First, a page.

I'm really sorry about my late reply but due to some rather unfortunate events I wasn't able to post one earlier.
"P(64,2) = 4,032 where we assume two kings can be next to each other."
Yes, I got so far.
"if we follow the rule that no two kings are next to each other. That is P(64,2)-420"
And I do get why that is correct.
What I don't get, however, is how you reached the 420.
Or to put it differently, how do you know that cardinality? (That I didn't know the answer to that question was the very reason I calculated the valid positions for a two king game in that intricate a way.)
"It shouldn't matter yet which diagonal the bishop travels on because combined the bishops travel on all the squares."
Right. Why do such easy things elude me? -.-
What he said."Meaning you're allowing the possibility for one of the kings to be in check?"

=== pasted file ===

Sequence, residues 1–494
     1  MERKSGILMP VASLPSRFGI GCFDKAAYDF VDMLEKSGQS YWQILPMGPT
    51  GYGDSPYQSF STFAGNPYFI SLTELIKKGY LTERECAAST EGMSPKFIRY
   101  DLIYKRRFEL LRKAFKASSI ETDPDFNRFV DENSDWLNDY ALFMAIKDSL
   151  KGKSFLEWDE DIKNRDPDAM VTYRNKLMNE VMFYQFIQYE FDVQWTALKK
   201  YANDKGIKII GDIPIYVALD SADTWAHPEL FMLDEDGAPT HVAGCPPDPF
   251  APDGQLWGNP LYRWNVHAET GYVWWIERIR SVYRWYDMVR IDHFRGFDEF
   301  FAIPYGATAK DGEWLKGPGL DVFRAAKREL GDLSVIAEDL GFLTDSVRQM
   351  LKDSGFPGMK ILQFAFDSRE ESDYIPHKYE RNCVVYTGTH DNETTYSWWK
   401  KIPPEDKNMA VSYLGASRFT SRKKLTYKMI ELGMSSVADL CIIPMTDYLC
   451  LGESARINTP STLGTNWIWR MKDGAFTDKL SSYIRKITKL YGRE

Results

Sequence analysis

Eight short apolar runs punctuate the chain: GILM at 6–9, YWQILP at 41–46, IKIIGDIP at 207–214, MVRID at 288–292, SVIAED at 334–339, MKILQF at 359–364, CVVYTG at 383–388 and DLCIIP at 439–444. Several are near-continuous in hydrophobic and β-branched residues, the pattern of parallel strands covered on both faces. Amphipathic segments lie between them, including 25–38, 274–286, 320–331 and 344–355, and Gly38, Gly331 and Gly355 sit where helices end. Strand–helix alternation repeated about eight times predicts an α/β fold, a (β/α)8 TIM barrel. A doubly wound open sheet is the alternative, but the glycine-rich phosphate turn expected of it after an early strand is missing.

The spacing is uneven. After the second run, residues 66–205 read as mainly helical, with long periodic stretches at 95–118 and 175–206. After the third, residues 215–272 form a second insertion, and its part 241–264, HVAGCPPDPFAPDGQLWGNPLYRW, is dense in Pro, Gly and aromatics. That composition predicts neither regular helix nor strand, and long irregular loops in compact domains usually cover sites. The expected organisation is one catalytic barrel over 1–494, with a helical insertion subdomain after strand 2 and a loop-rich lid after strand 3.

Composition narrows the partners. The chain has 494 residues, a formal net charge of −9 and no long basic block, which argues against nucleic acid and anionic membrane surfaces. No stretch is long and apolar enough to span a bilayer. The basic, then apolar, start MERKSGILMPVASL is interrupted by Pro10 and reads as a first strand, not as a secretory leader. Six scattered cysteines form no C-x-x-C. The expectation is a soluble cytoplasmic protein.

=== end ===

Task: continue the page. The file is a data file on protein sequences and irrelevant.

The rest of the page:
Yes, 1 king in check is possible and we are also counting the checkmates for example, a white king at A1 with a black queen on B2 and the black king on C3 would be checkmate.
Where we could have a problem, however, would be in preventing both kings' being checked/mated at the same time (later).
"Given the constraints of the problem are 20 rooks on the chess board possible?"
No. For 20 rooks, all pawns would have to be promoted to rooks, which is impossible as they block each other (a black pawn must leave to enable a white promotion and v.v.).
"We start with 2 rooks how many rooks on a chess board are possible?"
"How many pawns can make it to their last row?"